View Full Version : Discussion: Fewer Asteroids Threaten the Earth

2003-Jul-21, 05:39 PM
SUMMARY: Researchers have built a computer simulation that better predicts how large asteroids will interact with the Earth's atmosphere. They found that more asteroids blow up in the atmosphere than previously thought, reducing the risk of they hitting populated areas or causing tidal waves. Their model says that an asteroid has to be 200 metres in diameter or above before it can get through the atmosphere, and these only hit the Earth once every 170,000 years.

Comments or questions about this story? Feel free to share your thoughts.

2003-Jul-21, 06:57 PM
Perhaps I'm not clear on this story. Clearly meteors of much smaller size than 200 meters have made it to ground. I witnessed one. Are asteroids fundamentally different from meteors?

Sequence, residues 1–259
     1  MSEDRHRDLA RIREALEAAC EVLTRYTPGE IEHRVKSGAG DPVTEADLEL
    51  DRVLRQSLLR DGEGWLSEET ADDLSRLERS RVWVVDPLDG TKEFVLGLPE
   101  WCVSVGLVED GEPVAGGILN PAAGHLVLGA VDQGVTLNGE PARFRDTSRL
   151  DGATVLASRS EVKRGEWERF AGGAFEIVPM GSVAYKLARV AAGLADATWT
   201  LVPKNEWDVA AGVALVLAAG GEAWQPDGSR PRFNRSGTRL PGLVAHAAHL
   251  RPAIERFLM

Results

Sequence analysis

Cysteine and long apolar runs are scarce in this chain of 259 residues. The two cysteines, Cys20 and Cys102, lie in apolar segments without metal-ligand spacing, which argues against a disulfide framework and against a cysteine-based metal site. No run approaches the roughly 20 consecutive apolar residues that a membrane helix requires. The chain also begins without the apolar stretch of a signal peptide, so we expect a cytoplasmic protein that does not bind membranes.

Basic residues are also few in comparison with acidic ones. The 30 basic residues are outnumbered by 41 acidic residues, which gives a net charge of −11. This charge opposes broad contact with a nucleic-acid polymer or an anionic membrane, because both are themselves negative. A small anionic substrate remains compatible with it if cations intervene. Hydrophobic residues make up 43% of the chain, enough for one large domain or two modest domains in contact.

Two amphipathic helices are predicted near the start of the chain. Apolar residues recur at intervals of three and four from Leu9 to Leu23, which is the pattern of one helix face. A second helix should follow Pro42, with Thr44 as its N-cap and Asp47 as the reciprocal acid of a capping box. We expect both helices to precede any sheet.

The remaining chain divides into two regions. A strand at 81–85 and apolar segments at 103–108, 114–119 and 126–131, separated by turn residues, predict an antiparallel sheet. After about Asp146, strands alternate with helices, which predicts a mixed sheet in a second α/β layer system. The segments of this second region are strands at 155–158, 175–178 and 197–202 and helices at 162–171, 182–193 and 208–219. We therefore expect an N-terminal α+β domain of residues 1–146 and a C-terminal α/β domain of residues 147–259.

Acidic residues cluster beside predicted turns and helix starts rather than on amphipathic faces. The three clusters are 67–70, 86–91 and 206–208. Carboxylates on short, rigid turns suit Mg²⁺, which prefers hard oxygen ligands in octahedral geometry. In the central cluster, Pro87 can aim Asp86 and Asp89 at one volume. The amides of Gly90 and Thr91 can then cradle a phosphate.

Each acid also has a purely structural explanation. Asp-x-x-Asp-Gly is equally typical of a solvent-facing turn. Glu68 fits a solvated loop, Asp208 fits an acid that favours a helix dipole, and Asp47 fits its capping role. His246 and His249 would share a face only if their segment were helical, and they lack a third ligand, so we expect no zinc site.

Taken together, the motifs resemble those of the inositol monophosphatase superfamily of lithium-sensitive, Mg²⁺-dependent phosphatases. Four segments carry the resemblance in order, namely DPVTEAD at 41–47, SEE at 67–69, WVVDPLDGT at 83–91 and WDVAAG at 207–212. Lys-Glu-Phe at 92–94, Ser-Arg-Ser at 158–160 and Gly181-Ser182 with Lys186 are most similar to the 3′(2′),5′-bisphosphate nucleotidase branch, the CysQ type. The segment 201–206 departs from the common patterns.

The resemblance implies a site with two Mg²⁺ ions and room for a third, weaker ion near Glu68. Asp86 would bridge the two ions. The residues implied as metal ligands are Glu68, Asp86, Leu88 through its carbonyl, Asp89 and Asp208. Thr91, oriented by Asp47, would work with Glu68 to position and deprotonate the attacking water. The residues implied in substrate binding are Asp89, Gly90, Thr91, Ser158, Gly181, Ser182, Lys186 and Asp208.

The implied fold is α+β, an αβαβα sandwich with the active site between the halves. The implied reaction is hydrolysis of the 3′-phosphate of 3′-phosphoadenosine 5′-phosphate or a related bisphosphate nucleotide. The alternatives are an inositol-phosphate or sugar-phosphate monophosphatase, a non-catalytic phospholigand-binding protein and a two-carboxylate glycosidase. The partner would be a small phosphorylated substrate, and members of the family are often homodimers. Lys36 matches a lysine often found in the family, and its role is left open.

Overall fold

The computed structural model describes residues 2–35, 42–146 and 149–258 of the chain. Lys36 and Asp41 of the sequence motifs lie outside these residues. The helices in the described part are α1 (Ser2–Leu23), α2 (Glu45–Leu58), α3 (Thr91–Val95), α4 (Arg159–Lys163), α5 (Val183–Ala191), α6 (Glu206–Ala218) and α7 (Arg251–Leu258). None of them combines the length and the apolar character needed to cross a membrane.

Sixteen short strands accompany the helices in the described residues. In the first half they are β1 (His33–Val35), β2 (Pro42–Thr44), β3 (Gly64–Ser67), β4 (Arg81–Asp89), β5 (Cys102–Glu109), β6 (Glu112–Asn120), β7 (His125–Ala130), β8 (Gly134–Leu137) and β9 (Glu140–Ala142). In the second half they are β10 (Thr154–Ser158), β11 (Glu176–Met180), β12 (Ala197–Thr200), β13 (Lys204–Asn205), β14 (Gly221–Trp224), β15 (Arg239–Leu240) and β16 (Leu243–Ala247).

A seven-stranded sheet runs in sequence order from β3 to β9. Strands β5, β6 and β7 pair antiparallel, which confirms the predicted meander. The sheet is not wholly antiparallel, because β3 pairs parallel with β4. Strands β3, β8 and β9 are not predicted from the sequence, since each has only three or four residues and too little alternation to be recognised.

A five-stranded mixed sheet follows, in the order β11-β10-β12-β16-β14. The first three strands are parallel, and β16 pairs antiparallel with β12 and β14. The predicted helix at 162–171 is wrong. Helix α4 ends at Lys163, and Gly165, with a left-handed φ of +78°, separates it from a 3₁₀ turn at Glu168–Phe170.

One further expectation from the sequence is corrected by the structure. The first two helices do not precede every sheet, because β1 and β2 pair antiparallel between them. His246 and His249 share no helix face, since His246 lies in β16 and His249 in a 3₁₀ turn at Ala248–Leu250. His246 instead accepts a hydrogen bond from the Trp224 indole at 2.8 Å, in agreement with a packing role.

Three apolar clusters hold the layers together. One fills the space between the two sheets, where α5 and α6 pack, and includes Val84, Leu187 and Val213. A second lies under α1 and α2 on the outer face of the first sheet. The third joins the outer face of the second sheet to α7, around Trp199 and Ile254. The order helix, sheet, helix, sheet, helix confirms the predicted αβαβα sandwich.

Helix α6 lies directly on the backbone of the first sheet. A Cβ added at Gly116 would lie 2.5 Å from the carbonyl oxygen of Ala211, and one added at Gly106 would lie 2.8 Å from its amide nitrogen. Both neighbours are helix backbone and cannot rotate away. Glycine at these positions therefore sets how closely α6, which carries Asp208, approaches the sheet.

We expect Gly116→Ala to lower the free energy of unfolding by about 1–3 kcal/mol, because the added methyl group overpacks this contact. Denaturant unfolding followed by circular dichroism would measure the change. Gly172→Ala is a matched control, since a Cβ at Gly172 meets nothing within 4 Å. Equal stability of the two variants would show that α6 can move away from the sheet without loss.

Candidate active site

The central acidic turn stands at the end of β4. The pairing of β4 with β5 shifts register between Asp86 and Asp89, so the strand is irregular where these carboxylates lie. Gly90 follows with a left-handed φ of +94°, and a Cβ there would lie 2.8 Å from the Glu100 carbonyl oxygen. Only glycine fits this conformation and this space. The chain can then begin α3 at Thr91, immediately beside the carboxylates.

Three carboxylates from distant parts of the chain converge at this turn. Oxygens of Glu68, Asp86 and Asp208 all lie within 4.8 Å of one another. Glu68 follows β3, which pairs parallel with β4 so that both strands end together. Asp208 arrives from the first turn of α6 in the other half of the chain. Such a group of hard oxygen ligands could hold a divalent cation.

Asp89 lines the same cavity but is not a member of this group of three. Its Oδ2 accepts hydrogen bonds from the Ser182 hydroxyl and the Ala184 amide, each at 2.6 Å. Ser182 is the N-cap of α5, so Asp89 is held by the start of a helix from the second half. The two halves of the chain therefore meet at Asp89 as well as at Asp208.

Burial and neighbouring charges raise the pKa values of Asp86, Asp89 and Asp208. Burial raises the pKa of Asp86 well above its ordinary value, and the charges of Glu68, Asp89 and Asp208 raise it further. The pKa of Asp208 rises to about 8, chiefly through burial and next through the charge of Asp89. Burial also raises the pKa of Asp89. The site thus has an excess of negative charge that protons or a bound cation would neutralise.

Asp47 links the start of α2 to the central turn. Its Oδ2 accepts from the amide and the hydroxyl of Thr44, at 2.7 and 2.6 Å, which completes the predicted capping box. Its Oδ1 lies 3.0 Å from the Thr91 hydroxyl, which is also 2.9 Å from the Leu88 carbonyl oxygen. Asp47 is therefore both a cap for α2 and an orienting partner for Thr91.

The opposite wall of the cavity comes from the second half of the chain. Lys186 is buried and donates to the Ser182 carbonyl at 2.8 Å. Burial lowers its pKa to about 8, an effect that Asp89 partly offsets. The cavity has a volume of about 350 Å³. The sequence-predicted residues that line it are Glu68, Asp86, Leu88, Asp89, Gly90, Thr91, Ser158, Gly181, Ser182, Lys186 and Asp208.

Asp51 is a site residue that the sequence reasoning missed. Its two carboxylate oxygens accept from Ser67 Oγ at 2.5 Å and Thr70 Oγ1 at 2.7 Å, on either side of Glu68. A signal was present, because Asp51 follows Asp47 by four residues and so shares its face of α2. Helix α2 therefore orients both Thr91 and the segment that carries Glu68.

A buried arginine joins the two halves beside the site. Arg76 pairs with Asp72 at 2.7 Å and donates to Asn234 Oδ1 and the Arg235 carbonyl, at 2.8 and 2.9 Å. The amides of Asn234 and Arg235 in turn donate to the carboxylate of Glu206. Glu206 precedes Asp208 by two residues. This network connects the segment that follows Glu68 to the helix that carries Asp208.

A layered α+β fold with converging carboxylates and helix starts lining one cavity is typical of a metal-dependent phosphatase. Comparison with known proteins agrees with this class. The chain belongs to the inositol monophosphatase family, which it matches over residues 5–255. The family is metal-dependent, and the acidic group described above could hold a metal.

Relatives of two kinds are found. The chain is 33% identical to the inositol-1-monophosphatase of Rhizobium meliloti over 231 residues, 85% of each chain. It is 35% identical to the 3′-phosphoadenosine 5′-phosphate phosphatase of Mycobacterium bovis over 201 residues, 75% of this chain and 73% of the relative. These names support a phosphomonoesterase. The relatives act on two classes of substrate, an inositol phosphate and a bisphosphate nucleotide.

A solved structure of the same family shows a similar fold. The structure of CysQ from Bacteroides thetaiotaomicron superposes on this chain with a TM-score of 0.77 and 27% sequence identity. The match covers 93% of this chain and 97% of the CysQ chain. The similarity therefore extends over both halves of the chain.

What practical difference does it make if a large meteor could still impact but not an asteroid? Do I care which one hits me?

Finally, if the asteroid blows up rather than hits, couldn't it actually cause even more damage than if it hit. After all nuclear bombs are designed to blow up before hitting in order to maximize the damage.


Al Globus
2003-Jul-21, 07:05 PM
Unfortunately, asteroids that air-burst rather than hit the ground can be exremely deadly. It's a little like an enormous nuclear bomb going off a few miles up with no radiation, only blast. The asteroid that hit Russia near the early part of this century was an air-burst. There was no crater, but trees were flattened for 10s of miles in every direction. If had hit a city, that city would have been demolished and everyone killed. The best estimate of asteroid size is around 60-70 meters diameter (according to memory).

2003-Jul-21, 07:08 PM
Oh, air bursts can be tremendously destructive. They just won't cause tsunamis. So, count your blessings.

2003-Jul-21, 07:42 PM
Would it be as destructive if it was to burst where most meteorites burn up, in the upper parts of the atmosphere? Also, the space shuttle has to come in at a very critical angle, or it will skip off the atmosphere, would this not also aid in the shielding of the effects of the burst?